We never head far out to sea, not more than a quarter mile or so, for safety reasons. This means I can’t get a close glimpse of the mysterious Tillamook Rock Lighthouse – which resides a mile offshore from Tillamook Head. It’s visible from both Cannon Beach and Seaside, albeit a bit better seen from the Cannon Beach side. This enigmatic feature has grasped the imaginations of visitors for generations, sitting on a clump of basalt that invites consistent battering by waves and objects tossed around by the sea. Its real history is even far more colorful than what most can come up with conjecture, with many dying during its construction in 19th century and while getting to and from the boats that re-supplied it with lighthouse keepers and foodstuffs. It was decommissioned in the 1950’s, and now houses urns of ashes of those who pay to be interred there.
I’m a little disappointed I can’t get any closer, as this place has always had me riveted. Gary, however, hovers a ways out over the ocean a little while for me to snap a few pics of it. It’s still highly gratifying.
Gary swings around to the south from here, allowing me to shoot shots of Cannon Beach’s Haystack Rock, Crescent Beach, Indian Beach and the top of Ecola State Park. These landmarks are enormous when you’re there, up close. From above, they are diminutive and puny. I know these places intimately, but here they present numerous new discoveries.
From there, we swing around again, head north over Tillamook Head, and he shows me that rocky shoreline beneath the headland that can’t be seen any other way. At this point, Seaside is in full view, as are the shores of southern Washington and hints of Astoria. Then it’s back to the landing pad, with a zoom over the adjacent Seaside Family Fun Park and its numerous fun-tastic possibilities (http://www.seasidefamilyfunpark.com/, 503-738-2076).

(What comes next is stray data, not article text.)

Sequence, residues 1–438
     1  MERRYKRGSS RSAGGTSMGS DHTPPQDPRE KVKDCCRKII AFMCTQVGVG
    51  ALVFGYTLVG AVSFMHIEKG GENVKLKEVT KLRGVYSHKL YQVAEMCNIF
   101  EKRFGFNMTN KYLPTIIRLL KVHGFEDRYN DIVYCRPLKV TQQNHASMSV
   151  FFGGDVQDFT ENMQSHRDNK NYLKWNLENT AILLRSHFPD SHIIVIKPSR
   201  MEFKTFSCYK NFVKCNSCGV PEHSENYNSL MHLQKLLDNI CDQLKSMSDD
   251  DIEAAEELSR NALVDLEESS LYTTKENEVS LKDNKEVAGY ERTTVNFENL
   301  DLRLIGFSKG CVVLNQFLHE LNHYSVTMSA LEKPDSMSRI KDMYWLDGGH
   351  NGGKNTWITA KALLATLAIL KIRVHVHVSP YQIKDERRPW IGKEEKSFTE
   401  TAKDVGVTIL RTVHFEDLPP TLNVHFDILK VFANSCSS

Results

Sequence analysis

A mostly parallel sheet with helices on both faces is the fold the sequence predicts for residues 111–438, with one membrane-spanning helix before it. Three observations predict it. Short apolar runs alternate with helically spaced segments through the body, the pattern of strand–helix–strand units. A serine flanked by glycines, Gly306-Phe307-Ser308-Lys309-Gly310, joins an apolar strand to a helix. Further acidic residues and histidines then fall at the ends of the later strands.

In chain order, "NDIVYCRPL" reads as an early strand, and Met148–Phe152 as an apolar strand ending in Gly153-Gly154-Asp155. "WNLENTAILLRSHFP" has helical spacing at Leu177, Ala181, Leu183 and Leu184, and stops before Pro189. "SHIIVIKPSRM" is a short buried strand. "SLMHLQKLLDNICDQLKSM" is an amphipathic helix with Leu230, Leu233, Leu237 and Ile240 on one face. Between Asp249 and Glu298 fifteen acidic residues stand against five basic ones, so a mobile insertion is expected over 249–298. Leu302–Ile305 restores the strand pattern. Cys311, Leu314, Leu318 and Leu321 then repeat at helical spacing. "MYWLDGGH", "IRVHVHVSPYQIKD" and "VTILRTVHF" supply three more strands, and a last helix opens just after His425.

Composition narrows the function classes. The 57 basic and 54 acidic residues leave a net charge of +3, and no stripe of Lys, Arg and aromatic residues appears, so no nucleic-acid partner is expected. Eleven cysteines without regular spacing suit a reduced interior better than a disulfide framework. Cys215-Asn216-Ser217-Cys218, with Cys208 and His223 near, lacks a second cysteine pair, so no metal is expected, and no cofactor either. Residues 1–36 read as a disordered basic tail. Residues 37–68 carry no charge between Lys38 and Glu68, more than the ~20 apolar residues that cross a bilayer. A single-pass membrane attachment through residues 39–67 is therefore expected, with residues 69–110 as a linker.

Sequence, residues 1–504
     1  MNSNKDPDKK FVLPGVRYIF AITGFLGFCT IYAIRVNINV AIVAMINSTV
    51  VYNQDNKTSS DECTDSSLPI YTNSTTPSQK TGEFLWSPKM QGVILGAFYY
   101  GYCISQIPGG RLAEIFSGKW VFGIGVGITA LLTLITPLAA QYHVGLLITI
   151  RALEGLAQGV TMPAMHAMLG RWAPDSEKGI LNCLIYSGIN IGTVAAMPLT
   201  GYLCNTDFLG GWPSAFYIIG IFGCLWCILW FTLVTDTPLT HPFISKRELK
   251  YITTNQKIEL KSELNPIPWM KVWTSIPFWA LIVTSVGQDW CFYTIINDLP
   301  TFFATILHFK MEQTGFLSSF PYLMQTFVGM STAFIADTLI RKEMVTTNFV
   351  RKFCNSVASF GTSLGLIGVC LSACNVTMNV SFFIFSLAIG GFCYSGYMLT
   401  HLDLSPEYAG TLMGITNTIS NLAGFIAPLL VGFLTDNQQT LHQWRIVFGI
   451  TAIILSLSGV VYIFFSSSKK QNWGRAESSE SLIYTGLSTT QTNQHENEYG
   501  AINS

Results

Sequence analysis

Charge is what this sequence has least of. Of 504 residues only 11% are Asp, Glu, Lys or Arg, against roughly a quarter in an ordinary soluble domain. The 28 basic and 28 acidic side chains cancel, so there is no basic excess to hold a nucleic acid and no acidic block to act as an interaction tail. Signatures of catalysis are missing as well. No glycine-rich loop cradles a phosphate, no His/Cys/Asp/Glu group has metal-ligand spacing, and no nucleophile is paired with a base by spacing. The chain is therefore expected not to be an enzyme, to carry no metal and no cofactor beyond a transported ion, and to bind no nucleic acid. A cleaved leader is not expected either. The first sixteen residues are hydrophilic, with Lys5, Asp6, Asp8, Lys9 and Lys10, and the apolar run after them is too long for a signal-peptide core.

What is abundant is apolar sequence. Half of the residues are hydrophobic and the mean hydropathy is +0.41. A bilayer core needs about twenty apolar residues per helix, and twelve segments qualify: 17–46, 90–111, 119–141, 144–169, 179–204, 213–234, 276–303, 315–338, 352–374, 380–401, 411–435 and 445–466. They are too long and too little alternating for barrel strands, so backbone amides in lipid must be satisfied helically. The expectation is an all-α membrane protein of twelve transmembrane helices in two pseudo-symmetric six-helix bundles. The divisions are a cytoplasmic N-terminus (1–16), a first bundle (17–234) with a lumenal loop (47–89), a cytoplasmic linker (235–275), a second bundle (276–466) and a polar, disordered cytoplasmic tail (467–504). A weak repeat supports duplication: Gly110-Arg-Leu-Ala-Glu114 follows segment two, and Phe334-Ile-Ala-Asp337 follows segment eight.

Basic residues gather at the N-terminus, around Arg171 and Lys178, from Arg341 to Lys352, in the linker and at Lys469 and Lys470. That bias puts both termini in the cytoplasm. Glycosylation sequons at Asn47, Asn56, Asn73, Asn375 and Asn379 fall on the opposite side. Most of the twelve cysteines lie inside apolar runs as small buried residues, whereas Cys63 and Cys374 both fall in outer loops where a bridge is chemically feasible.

Perhaps ten or 15 minutes have gone by. It’s hard to tell. Apparently, most rides run about 10 minutes or so, beginning at $25 per person, with options including the Cannon Beach run, a nature/wildlife run, Seaside-from-above or other combinations.
He’s had several marriage proposals happen during the flights, including one memorable excursion where the man and his friends had scrawled a huge “will you marry me?” in the sands of Seaside. She emphatically squealed “yes,” says Gary.
Later, Gary and I chat, and it turns out he was a bit of a celebrity in the 90’s. Together with his brother Stan Turel, the pair were the faces on Oregon TV commercials for their Columbia Tax Services. Yet another surprise today.
In the last year, Gary picked up another celebrity – in namesake, anyway. John Glen works for him as a second pilot: not John Glenn of space fame, however. Glen is a real trouper and lets his bosses get lots of mileage out of his name. This started back in the 60’s, during his high school days, as the famous John Glenn was making orbits. Glen was a delivery driver for a store, and his boss used Glen’s name to jokingly tout his business. The delivery vehicles were even named “capsule 1” and “capsule 2.”
You’ll find Seaside Helicopters and the Seaside Family Fun Park just south of Seaside. Gary still makes some runs during the winter and early spring – mostly on weekends – when those famous beautiful, dry days hit. Generally, it’s considered closed during these months, and doesn’t really start up with an eye on a full schedule until spring break. However, one secret about the Oregon Coast is that February tends to have a run of sunny, warm days (much warmer than inland), so you may get lucky and have a chance to grab a ride then or on other days the weather seems cooperative to flight. Hwy 101, S. Seaside.http://www.seaside-helicopters.com/. (503) 440-4123.